Similar to chicken and beef, there is also some debate in the pork world.
Though not as popular as other long-held debates, it is still an important subject to discuss due to the confusion between cuts.
Before we get into which cut reigns supreme, understand where these cuts of meat originate.
The butcher divides the carcass into primal cuts.
For example, each front shoulder is a primal cut that is broken down into sub primal cuts, which are the pork butt and pork shoulder.
What Is Pork Butt?
The pork butt is positioned next to the pig’s head. It rests atop the pig’s shoulder blade.
Pork butt, better known as Boston butt ironically not located in the butt.
In fact, it is located in the front of the animal, not the rear. So how did pork shoulder end up being called pork butt?
During the colonial era, New England butchers packaged affordable cuts of meat into large barrels.
These large barrels were referred to butts, which were to store meets as wells as transportation.
Hence, the pork shoulder eventually became known as the pork butt. Obviously, the name stuck as it is still widely used today.
In contrast, the butt of the animal is not even referred to as “the butt.” Instead, it is called hindquarters and fashioned into hams.
What is Pork Shoulder?
As it’s sometimes called, the shoulder or picnic shoulder is positioned right under the butt.
It is the bottom portion of the front leg. It sits on the pig’s leg and spans to the area just above the pig’s front hoof, or hock.
Pork Shoulder vs. Pork Butt
It is safe to say even though pork butt and pork shoulder are fabricated from the front leg of the carcass.
They are vastly different when it comes to characteristics such as marbling and the degree of toughness.
Besides location differences, pork butt has a high ratio of intramuscular fat.
The pork butt is not as active as other muscles; thus, it is intensely flavorful and tender.
You will usually see pork butt in the butcher’s section of the grocery store with the bone-in and a cap of fat on one side of the meat.
Pork shoulder is the ultimate candidate for low temperature slow cooking me like smoking and braising.
These methods melt the intricate layers of fat, yielding a juicy, tender cut of pork.
Unlike the pork butt, the shoulder is a heavily used muscle. Thus, it is not only dense but extremely tough.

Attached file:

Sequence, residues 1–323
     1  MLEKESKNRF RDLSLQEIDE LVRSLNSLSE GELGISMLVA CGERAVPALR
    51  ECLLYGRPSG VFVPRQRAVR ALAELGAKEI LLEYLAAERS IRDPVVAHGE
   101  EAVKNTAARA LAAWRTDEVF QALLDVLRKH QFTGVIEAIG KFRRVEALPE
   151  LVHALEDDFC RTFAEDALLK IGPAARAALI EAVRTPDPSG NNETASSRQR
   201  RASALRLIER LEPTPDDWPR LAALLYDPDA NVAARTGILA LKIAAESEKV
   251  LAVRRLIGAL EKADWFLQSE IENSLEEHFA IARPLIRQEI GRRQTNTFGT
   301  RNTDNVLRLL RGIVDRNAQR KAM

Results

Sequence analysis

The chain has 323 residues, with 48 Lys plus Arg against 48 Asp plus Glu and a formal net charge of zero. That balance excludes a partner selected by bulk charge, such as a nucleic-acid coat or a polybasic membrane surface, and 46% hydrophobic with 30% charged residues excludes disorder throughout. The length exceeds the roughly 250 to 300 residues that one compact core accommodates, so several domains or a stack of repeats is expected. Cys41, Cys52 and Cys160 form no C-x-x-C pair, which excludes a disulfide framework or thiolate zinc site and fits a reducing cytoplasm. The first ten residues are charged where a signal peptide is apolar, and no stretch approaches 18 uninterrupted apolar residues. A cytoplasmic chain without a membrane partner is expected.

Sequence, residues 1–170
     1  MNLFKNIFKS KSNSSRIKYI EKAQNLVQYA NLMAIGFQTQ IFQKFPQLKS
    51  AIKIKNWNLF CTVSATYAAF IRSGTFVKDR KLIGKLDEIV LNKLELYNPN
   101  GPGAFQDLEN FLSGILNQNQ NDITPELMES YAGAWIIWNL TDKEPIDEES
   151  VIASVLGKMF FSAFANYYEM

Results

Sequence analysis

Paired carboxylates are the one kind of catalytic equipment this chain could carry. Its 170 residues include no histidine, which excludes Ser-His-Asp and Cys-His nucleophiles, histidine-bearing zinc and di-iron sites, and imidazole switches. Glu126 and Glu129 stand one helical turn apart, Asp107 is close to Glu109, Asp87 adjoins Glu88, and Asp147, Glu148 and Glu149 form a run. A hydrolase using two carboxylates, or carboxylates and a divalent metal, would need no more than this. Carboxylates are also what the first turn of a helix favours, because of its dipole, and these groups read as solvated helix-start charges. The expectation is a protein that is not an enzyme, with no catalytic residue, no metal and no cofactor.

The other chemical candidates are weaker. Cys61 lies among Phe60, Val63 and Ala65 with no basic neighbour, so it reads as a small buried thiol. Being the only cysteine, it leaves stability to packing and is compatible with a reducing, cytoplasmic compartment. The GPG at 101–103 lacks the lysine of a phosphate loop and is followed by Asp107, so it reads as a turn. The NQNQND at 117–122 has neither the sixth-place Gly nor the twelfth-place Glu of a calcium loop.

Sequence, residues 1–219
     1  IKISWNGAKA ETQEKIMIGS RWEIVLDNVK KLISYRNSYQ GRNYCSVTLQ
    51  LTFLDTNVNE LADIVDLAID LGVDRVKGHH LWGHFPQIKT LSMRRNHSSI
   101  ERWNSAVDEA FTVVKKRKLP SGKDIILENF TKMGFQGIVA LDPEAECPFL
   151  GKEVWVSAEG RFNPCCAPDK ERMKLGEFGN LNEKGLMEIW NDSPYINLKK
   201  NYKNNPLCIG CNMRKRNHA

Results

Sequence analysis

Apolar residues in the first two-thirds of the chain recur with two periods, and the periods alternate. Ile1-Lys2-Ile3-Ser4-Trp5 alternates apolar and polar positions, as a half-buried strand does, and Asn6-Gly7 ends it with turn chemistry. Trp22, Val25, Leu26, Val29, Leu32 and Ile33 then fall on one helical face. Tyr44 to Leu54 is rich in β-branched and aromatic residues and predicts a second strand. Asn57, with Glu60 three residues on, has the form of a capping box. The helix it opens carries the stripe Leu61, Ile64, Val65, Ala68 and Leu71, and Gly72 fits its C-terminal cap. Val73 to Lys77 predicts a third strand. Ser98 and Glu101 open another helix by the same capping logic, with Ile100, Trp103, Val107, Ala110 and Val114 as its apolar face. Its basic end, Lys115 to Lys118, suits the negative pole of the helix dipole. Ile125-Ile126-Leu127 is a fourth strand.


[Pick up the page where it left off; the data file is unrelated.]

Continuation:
Depending on what you are using it for, you may want to start cooking your pork shoulder low and slow, increasing the temperature during the latter portion of the cooking time to allow the crispy, crackly skin to develop.
Variations Of Pork Butt
You may find pork butt steaks in the butcher section that are perfect for grilling.
Additionally, you may find it shaved into thin strips for stir-fries.
Pork butt happens to be a cut of meat with the right quantity of meat-to-fat.
Hence, it is perfect for making sausage since it usually has an 80/20 or 70/30 ratio. This makes it the gold standard for sausage making.
Variations of Pork Shoulder
Unlike pork shoulder, you may only find pork shoulder whole. However, it can be sold bone-in or boneless.
Due to its unique, tapered triangular shape, most recipes tend to use a whole pork shoulder.
Additionally, boneless pork shoulders almost always come packed in netting.
When you remove the netting, you will find the pork shoulder unravels into an uneven slab of meat.
What Is the Best Cut of Pork for Pulled Pork?
It is only natural to wonder which cut is the best for making pulled pork.
You have probably made pulled pork with both cuts of meat without knowing it.
However, pork butt is the perfect meat for pulled pork. It has the ideal fat-to-meat ratio.
The marbling and sinews make it the better choice for pulled pork.
Most people wonder if cooking meat for such a long period of time can dry it out.
However, the melting fat and gelatin in pork butt protect the pork butt from drying out.
When cooked slowly, the protein breaks down, yielding tender meat that melts in your mouth.
How To Cook Pork Butt
As we’ve mentioned before, pork butt is cooked best when cooked for hours at low temperatures until it has a temperature of 195°F.
However, pork butt can be cut into steaks or thinly sliced and cooked quickly and yield a tender product.
How To Cook Pork Shoulder
Pork shoulder is mainly sold bone-in and skin-on and generally requires low and slow cooking methods due to it being extremely tough.
Pork shoulder is an okay substitute to use for pork butt. However, because it will yield a smaller amount, pork shoulder, you may want to stick with pork butt.
Additionally, you will have to remove the skin before cooking it. If you prefer crunchy skin, you will love pork shoulder.
You can finish your shoulder over high heat, and a crispy, crackly skin will develop.
Prices are contingent upon the area you live in. However, pork shoulder is usually less costly than pork butt.
To be specific, pork shoulder is approximately 1/3 of the cost of pork butt.
Which Is Better?
Though pork butt is the ideal candidate for most low and slow cooking preparations, pork shoulder is a viable opponent. Pork butt is perfect for dishes such as chile Verde, carnitas, stews, smoking, and soups.
Pork shoulder, however, knocks pork butt out of the park when it comes to higher temperatures.
As a result, pork shoulder develops an incredibly crispy crackling that cannot be compared to anything else on the planet.
Now you have all of the information you need to form a valid argument in the pork shoulder vs. pork butt debate.
As for the winner of this debate, that decision is up to you.
You might also be interested in:
- Pork Belly Vs. Bacon
- Pork Loin Vs. Pork Shoulder
- St Louis Ribs Vs. Baby Back Ribs
- Pork Loin Vs. Pork Tenderloin
- Baby Back Ribs Vs. Spare Ribs
I have been smoking and grilling meat from an early age and enjoy sharing my knowledge and expertise through the hundreds of articles I have written about BBQ. I hope to make everyone’s BBQ journey that little bit easier.